Published October 09, 2012
SpaceX's robotic Dragon cargo ship is slated to arrive at the International Space Station early this morning (Oct. 10) for a nearly three-week stay.
The Dragon spacecraft has been chasing down the huge orbiting lab since launching Sunday night (Oct. 7) atop SpaceX's Falcon 9 rocket. If all goes according to plan, the unmanned capsule will approach the station in a series of cautious steps early today, then finally be snagged by its huge robotic arm at 7:17 a.m. EDT (1117 GMT).
NASA will broadcast the action live on NASA TV and online. You can watch the Dragon docking webcast live here beginning at 4 a.m. EDT (0800 GMT).
Dragon will have to pass a series of "go/no go" tests this morning, beginning at 5:13 a.m. EDT (0913 GMT), as it sidles up to the station. The aim is to assure SpaceX and NASA engineers that it's operating nominally during approach and poses no threat to the $100 billion orbiting lab or its three current residents. [Video: Dragon Launches Toward Space Station]
If it passes all of these trials, NASA astronaut Sunita Williams and Japanese spaceflyer Akihiko Hoshide will grapple the capsule using the station's 58-foot (18 meters) robotic arm. They'll guide Dragon to the Earth-facing side of the orbiting lab's Harmony module, where it will be bolted in place for an 18-day stay.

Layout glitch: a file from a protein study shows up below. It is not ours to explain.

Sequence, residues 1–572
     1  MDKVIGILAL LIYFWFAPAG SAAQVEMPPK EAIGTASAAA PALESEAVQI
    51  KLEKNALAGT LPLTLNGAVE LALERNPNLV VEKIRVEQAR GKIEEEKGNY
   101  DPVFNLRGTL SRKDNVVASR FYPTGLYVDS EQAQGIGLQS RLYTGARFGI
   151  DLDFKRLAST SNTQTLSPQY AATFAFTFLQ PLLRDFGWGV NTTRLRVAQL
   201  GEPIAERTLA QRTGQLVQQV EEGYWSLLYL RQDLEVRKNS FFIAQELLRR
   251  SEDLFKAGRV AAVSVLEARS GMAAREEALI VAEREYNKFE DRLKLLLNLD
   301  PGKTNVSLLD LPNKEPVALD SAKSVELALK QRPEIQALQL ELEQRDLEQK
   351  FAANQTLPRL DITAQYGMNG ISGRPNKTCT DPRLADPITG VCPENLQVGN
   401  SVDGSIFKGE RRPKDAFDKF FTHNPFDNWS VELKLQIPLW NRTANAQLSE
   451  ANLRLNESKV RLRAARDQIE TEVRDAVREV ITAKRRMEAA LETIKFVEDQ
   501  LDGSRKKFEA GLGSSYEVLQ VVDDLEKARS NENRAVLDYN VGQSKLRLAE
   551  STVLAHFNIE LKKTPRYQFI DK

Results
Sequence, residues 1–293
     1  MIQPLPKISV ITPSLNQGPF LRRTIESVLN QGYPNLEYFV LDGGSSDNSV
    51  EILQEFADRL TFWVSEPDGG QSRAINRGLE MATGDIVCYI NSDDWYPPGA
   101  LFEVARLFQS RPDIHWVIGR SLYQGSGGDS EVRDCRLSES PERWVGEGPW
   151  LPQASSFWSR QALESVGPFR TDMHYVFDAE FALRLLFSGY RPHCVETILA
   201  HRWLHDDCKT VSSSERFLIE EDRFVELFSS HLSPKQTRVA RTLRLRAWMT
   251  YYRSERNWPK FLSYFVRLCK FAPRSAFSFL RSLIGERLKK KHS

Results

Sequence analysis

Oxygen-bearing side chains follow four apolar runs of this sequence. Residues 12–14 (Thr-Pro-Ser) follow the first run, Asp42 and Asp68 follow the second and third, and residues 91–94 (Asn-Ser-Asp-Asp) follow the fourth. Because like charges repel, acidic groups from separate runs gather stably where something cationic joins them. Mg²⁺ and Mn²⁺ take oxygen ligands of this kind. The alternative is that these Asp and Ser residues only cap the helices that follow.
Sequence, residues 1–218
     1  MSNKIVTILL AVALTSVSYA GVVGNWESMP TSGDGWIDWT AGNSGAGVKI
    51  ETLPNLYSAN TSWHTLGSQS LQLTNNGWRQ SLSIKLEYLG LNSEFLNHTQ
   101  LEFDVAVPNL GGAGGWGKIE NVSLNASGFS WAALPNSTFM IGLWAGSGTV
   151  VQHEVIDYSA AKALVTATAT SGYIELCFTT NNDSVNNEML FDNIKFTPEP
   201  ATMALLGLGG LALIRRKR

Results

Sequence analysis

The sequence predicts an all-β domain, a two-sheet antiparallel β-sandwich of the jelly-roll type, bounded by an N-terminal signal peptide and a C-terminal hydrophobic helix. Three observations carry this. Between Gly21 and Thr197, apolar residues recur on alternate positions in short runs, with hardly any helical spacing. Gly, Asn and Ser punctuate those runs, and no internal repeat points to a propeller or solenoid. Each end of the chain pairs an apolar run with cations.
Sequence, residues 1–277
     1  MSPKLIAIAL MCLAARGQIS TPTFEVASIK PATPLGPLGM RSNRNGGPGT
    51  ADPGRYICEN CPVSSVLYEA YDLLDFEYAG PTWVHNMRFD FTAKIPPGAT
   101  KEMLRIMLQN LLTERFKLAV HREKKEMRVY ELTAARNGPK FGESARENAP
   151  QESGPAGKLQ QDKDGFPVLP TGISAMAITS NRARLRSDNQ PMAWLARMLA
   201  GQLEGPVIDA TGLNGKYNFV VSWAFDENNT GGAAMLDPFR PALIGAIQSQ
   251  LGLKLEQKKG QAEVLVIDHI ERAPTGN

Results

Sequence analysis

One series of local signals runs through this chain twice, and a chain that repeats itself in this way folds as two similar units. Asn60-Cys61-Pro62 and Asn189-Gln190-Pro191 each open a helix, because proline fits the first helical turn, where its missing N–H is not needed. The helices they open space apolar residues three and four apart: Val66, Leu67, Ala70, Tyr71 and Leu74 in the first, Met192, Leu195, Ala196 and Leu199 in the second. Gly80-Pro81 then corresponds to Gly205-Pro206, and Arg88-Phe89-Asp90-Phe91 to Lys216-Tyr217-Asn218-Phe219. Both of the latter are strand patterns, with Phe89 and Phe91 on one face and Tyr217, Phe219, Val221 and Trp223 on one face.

Dragon is embarked on the first-ever bona fide cargo mission to the space station by a private vehicle. It's carrying 1,000 pounds (454 kilograms) of supplies and scientific experiments, and it will return to Earth on Oct. 28 with a different load of gear totaling about 2,000 pounds (907 kg).
Dragon's mission is the first of 12 unmanned supply runs California-based SpaceX will make to the station under a $1.6 billion contract with NASA. The space agency also inked a $1.9 billion deal with Virginia-based Orbital Sciences Corp. to fly eight cargo missions with its Antares rocket and Cygnus spacecraft.
The Dragon capsule has visited the station once before. This past May, it became the first private vehicle ever to dock with the 430-ton orbiting complex on a historic demonstration mission intended to show that SpaceX was ready to begin making its contracted flights.
Orbital Sciences, for its part, plans to test-fly the Antares rocket for the first time later this year.
With its venerable space shuttle fleet now retired, NASA is looking to private American vehicles to fly both cargo and crew to low-Earth orbit. The space agency hopes at least two different commercial spaceships are ready to carry crew by 2017; until then, the nation will be dependent on Russian Soyuz spacecraft to ferry its astronauts to the space station and back.
Dragon could be one of NASA's astronaut taxis as well as a cargo craft. SpaceX is upgrading the capsule to carry crew, and the company is one of four firms that have received NASA funding over the past two years to develop manned spacecraft.